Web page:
OPINION: Walkout organizers explain their motivation

Students gathered on softball field for walkout.

Prudence Nowicki

Students gathered on softball field for walkout.

Zoe Vongtau and Taylor Donahue

Since Feb. 14, students around the country have been leading multiple dialogues about school safety and gun legislation. Since that day, as Baldwin students, we have wanted to be a part of that conversation.

The tragedy in Parkland and the subsequent reaction of the survivors inspired us as student organizers to lead today’s walkout at the high school. Ours was one initiative within a network of hundreds of schools nationwide that were doing the same.

Within a month, we organized an event involving students concerned about safety and gun violence who also wanted to show support for the Parkland victims.

A major theme surrounding the walkout was to show solidarity with Stoneman Douglas High School students. Another was to express our thoughts and concerns about gun violence.

From the moments that we gathered in the central lot lobby, seeing students from all grade levels standing together with signs and passion, we were sure that the walkout was set to be mobilizing and monumental.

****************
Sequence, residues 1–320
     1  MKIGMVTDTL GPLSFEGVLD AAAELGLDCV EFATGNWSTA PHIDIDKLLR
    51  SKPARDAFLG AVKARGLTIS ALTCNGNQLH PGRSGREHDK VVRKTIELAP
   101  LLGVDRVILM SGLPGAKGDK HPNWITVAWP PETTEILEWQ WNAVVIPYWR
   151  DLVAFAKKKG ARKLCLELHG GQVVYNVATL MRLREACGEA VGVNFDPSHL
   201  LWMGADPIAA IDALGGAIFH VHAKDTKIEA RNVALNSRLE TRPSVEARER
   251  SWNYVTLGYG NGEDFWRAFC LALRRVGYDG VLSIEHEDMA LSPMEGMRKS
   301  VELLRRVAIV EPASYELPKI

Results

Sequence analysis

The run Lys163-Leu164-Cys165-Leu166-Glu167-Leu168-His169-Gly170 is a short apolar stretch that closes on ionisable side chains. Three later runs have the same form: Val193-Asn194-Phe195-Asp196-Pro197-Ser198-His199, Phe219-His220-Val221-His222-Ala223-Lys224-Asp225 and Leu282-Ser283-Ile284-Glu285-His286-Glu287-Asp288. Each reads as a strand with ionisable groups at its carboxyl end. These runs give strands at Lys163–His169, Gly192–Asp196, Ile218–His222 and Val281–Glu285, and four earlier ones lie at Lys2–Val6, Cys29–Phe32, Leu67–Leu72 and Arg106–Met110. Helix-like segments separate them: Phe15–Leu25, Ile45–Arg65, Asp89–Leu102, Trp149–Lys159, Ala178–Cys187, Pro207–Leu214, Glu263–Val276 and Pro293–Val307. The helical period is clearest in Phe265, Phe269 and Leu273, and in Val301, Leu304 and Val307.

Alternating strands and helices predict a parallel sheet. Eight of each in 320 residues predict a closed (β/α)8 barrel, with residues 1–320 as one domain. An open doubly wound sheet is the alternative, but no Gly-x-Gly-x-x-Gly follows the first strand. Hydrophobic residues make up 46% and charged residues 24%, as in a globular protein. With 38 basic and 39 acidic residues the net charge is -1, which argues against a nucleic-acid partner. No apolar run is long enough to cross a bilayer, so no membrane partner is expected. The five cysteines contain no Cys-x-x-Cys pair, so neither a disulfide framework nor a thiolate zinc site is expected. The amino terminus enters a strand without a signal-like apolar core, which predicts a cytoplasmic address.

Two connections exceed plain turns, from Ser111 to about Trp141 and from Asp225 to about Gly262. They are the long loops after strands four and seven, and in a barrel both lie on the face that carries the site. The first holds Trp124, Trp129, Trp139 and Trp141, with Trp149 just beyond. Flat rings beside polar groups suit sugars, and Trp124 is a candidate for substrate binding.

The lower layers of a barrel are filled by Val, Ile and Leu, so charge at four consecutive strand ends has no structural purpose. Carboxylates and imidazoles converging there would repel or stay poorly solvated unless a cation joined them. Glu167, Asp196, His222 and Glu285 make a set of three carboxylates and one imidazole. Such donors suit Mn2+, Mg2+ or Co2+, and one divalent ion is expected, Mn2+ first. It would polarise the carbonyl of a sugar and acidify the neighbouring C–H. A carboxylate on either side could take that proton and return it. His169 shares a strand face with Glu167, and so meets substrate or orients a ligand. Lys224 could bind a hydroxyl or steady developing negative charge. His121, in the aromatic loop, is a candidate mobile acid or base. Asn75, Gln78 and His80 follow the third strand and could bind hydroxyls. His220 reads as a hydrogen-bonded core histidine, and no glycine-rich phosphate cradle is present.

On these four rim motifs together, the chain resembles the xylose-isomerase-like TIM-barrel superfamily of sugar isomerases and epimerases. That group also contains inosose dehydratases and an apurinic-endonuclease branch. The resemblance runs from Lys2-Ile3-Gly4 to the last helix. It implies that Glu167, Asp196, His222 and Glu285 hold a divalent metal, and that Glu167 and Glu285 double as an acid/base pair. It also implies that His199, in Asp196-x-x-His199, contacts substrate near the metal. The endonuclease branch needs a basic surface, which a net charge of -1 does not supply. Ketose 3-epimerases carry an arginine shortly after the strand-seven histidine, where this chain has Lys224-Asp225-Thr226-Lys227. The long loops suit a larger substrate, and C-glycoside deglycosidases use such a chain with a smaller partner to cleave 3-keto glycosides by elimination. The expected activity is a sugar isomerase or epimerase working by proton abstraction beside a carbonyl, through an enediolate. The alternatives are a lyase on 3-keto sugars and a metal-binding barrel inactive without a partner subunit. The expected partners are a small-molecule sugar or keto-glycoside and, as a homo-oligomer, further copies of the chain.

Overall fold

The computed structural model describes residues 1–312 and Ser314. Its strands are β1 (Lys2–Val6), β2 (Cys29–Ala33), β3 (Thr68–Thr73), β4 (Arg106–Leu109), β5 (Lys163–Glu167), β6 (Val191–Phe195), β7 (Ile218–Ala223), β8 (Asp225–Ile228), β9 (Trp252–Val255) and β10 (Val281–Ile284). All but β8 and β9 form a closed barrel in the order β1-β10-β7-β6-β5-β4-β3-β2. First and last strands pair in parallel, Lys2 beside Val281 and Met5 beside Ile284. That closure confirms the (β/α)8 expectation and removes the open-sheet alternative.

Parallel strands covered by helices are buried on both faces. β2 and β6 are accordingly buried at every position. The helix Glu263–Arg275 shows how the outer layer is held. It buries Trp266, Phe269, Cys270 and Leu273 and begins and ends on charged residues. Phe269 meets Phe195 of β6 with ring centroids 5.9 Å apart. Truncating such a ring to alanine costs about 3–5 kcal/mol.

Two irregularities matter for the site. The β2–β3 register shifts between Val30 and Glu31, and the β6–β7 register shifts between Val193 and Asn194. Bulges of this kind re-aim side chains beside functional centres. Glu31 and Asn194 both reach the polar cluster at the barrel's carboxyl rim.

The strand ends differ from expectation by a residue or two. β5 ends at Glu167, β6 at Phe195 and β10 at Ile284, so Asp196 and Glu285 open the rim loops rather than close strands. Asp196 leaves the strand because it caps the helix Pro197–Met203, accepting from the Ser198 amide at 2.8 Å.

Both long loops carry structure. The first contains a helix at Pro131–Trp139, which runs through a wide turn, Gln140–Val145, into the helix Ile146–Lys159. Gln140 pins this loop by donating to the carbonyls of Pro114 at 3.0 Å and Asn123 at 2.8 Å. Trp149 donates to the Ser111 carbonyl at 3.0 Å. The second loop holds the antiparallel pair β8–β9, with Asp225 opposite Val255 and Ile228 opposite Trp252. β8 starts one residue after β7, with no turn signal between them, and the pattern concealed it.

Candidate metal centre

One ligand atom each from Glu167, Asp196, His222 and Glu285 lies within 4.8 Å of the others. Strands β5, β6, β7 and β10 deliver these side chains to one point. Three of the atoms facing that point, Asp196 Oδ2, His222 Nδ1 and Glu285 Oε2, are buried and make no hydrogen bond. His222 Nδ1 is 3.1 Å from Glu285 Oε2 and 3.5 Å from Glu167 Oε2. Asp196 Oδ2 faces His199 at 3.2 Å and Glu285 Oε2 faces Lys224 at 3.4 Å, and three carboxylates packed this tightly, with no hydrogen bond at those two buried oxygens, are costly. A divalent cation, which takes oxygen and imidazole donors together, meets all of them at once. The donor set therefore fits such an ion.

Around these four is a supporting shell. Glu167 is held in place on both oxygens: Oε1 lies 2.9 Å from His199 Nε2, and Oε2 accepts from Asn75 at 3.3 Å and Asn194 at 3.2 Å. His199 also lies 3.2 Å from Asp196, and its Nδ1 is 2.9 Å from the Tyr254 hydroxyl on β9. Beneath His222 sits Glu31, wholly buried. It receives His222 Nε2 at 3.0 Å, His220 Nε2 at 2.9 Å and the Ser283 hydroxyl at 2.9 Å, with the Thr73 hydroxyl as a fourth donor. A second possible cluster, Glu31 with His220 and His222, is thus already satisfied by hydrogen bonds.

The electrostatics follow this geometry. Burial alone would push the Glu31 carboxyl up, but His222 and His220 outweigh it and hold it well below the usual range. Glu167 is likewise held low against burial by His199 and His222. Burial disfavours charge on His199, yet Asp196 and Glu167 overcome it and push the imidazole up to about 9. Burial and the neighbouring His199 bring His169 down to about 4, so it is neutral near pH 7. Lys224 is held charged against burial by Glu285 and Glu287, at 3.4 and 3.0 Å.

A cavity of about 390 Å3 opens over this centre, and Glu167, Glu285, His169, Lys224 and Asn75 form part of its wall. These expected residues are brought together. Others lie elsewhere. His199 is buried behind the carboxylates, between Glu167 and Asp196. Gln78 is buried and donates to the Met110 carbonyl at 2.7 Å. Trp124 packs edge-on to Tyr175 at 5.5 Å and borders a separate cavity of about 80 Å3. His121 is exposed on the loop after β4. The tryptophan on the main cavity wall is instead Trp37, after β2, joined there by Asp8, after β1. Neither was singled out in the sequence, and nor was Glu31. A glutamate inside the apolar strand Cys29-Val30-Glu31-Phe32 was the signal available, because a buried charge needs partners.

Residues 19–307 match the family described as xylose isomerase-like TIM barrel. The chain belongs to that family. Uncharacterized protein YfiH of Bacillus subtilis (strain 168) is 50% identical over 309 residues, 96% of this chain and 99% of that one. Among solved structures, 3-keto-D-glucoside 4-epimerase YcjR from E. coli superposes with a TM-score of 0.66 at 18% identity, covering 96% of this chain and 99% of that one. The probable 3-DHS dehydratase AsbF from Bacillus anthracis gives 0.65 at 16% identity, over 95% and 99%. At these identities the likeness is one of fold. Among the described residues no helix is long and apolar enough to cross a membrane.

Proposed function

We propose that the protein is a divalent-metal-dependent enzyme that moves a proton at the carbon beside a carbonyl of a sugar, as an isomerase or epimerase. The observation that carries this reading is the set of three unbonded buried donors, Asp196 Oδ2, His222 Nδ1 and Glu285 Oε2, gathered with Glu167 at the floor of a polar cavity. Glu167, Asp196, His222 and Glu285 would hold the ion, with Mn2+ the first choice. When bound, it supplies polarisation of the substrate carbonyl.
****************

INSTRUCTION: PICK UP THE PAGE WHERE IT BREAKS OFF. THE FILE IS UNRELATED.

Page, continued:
About 70 students walked out of class about 10 a.m. to join fellow classmates to express their feelings on gun control. As we walked down to the softball field, we chanted “no more silence, end gun violence” until we finally formed a circle on the field.

In the spirit of recognizing the walkout and #NeverAgain movement as a student-led initiative, we invited students in the circle to voice their sentiments about what the day meant and why they walked out.

We began by speaking about our feelings on the movement as a whole and continued to stand in solidarity with Parkland by naming the 17 lives lost on Feb. 14. Following the preliminary speeches on the movement, we led a moment of silence for the victims in Parkland.

As students who become concerned for their safety when entering school after each mass shooting across the country, we recognize and appreciate the administrators, teachers, and staff members who assisted in ensuring our safety today.

We would like the student body to understand that despite being classified as an act of civil disobedience, we wholeheartedly believe that the event was successful in promoting an important dialogue about safety and student voice.

This is a conversation that we will be continuing through after-school events to debrief and advocate in the coming weeks, as we believe we are the generation to say never again and mean it.